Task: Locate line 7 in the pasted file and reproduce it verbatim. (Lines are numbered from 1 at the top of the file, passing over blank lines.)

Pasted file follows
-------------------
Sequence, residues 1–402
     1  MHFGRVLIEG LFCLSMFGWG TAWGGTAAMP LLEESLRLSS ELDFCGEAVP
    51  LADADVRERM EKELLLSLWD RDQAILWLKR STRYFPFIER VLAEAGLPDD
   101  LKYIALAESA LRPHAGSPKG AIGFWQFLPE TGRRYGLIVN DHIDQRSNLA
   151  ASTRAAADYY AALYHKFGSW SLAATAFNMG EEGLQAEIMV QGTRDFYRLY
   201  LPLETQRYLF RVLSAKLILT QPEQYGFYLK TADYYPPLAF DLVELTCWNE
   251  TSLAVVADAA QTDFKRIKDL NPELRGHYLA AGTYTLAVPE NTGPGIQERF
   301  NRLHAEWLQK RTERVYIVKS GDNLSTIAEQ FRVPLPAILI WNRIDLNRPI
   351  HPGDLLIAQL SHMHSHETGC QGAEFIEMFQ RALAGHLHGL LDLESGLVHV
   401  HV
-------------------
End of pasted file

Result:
   251  TSLAVVADAA QTDFKRIKDL NPELRGHYLA AGTYTLAVPE NTGPGIQERF